Gki Learning Collection 2022 Blog Post

Another Year of Learning: GKI’s 2022 Learning Collection

GKI values curiosity–we celebrate exploration and create opportunities to learn from one another. Before our team goes on holiday, we took the time to share things we read or listened to throughout 2022 that challenged our thinking. Take a look at some of the interesting and inspiring books and articles our team has been reading lately. Let us know what’s challenged your thinking and what you’ll be adding to your list for 2023.

“Inclusive Design Mindsets: Nusrat Ahmed & Coe Leta Stafford” episode from Ideo’s Creative Confidence Podcast

“I love listening to different podcasts while on my Hot Girl Walks, and one I listen to often is the Ideo podcast called Creative Confidence. One of the ones that was most interesting this year was about inclusive design. There’s been a lot of criticism of design thinking that it just promotes white supremacy, but all of our systems are embedded in white supremacy so if you’re not consciously being anti-racist, then anything is a tool of white supremacy. We have to be anti-racist within the tools of design thinking, but often the advice on *how* simply boils down to some version of ‘don’t be racist.’ It’s almost 2023, that’s so not good enough! This podcast and its blog post describe, vividly, what inclusive mindsets look like, along with tactical tools and practical tips to do better. I’m integrating these tools into our design sprints and I hope we see more thought leadership on this topic in 2023.” – Whitney Pyles Adams, Senior Innovation Advisor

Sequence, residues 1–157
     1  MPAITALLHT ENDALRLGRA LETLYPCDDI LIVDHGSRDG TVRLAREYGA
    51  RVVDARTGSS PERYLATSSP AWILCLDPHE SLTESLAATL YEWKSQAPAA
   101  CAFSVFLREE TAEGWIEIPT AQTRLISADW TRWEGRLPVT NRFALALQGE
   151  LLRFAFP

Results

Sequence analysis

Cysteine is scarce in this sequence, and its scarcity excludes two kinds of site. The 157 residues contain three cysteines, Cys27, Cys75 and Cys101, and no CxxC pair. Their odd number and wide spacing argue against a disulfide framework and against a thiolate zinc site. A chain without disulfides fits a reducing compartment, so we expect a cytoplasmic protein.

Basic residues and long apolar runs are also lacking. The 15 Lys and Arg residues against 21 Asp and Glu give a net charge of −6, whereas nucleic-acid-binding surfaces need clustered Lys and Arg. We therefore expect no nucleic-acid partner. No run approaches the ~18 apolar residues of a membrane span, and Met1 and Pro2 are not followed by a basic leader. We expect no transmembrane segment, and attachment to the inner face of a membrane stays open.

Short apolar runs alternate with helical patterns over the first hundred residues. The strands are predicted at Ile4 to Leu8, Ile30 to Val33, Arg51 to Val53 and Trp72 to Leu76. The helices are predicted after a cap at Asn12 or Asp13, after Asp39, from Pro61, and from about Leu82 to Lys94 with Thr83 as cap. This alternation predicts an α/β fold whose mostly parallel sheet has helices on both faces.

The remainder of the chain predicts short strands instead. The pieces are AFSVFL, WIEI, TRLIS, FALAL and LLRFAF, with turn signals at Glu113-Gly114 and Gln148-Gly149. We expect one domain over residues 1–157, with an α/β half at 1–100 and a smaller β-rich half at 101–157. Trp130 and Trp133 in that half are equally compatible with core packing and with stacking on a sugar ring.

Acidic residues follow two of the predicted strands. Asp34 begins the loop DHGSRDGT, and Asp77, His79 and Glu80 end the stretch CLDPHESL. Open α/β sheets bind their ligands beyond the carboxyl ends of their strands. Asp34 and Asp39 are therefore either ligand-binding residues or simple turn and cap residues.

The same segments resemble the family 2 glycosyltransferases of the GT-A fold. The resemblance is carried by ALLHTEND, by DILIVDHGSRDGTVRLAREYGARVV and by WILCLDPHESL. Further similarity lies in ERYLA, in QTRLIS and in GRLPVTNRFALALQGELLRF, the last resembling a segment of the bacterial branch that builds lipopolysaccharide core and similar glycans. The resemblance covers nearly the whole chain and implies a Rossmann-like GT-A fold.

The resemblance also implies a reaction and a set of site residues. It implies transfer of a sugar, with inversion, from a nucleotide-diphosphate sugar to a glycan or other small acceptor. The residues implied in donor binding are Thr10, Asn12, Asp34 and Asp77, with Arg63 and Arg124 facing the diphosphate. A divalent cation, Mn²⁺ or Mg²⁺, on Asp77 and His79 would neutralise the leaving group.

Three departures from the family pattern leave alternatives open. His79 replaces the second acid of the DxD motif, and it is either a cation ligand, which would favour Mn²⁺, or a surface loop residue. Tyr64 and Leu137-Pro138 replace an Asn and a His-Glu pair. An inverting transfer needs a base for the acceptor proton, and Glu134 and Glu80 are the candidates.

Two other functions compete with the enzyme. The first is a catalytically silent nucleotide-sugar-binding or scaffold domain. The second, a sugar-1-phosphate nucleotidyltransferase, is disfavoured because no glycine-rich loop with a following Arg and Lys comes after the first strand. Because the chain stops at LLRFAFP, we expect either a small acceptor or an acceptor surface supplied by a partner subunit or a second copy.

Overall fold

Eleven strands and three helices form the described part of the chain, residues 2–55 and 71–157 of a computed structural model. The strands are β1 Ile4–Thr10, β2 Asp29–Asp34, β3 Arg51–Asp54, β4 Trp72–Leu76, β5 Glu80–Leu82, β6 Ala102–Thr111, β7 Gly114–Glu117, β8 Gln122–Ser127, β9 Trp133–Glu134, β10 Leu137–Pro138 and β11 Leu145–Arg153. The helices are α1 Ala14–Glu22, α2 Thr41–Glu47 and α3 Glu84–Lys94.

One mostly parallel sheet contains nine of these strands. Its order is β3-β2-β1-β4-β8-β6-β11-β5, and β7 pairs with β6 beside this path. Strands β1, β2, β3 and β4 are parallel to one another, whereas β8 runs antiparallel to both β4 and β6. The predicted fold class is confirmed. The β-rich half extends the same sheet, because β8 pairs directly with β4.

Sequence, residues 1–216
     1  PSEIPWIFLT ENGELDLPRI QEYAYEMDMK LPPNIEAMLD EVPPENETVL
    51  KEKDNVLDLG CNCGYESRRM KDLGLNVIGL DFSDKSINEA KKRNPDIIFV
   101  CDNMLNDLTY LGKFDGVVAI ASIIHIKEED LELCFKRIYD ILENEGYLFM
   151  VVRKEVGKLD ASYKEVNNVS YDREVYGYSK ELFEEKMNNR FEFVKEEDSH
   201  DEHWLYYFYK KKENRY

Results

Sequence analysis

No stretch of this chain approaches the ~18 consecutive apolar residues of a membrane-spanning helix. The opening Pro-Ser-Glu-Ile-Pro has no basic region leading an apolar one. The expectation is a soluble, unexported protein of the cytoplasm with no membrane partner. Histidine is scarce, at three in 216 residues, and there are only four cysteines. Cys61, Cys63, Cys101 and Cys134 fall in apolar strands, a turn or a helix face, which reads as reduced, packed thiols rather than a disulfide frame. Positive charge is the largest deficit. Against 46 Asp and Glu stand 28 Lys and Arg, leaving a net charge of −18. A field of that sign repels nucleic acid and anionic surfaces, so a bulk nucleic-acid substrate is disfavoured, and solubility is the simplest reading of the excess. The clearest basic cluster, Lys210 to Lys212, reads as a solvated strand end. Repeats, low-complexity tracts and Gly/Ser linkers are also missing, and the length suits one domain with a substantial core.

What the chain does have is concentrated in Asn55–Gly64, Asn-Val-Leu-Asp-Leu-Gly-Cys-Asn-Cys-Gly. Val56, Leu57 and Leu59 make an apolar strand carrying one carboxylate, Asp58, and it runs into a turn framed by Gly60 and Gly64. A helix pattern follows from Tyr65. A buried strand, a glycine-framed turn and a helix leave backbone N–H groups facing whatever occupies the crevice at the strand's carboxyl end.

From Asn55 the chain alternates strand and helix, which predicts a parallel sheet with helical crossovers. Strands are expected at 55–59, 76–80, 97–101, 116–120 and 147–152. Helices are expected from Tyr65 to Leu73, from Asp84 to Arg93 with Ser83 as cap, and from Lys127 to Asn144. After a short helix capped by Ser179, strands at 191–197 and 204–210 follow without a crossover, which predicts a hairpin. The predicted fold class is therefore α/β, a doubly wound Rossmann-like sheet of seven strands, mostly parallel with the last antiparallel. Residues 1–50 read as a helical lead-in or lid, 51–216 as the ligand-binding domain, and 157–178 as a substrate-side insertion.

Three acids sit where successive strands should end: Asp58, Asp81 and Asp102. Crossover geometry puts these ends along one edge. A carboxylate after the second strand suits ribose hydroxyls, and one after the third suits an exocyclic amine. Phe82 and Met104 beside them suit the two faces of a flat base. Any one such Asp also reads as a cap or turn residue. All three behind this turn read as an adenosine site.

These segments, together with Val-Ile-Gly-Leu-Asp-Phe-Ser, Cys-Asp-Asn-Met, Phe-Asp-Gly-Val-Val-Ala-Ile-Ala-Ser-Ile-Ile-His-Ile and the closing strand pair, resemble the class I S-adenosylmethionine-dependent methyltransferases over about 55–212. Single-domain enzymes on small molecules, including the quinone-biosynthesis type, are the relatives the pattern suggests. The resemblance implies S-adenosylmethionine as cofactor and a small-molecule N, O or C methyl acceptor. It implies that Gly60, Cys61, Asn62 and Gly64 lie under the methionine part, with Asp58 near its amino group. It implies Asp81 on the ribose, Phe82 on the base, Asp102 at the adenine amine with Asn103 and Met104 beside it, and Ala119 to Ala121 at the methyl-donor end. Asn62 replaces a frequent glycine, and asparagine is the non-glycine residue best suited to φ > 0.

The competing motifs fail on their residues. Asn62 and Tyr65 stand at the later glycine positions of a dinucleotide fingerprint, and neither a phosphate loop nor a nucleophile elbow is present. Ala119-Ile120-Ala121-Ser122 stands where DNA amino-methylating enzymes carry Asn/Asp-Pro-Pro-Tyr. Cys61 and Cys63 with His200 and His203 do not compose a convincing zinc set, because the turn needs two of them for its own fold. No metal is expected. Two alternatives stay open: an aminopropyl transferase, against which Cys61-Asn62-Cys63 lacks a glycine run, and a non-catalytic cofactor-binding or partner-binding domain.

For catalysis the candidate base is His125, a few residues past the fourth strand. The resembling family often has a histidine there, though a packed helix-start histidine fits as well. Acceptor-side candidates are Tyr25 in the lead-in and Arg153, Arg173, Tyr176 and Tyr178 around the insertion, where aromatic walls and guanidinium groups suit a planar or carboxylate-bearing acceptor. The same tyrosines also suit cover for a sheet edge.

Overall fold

Power, for All by Julie Battilana and Tiziana Casciaro and “Should You Agitate, Innovate, or Orchestrate?” by Julie Battilana and Marissa Kimsey in the Stanford Social Innovation Review

“I went to the SSIR conference in March and one of the plenary sessions was led by the authors of this book. What I liked is that while they go into the academic theory of power and what that means for how power is exercised, they also break it down into practical terms of how individuals and organizations wield power – emphasizing that it is something that everyone has access to. There are different ways to wield power–you can be an agitator (raising awareness for where issues are), an innovator (thinking of new ways the world could look), or an orchestrator (how do we make sure action actually happens). Especially when you look at the history of social movements – it takes all of these roles. We need all kinds of people to advance change.” – Megan McGlynn Scanlon, Chief Operating Officer

The Inner Development Goals Framework, Theory U, and The Power of Presence by Peter Senge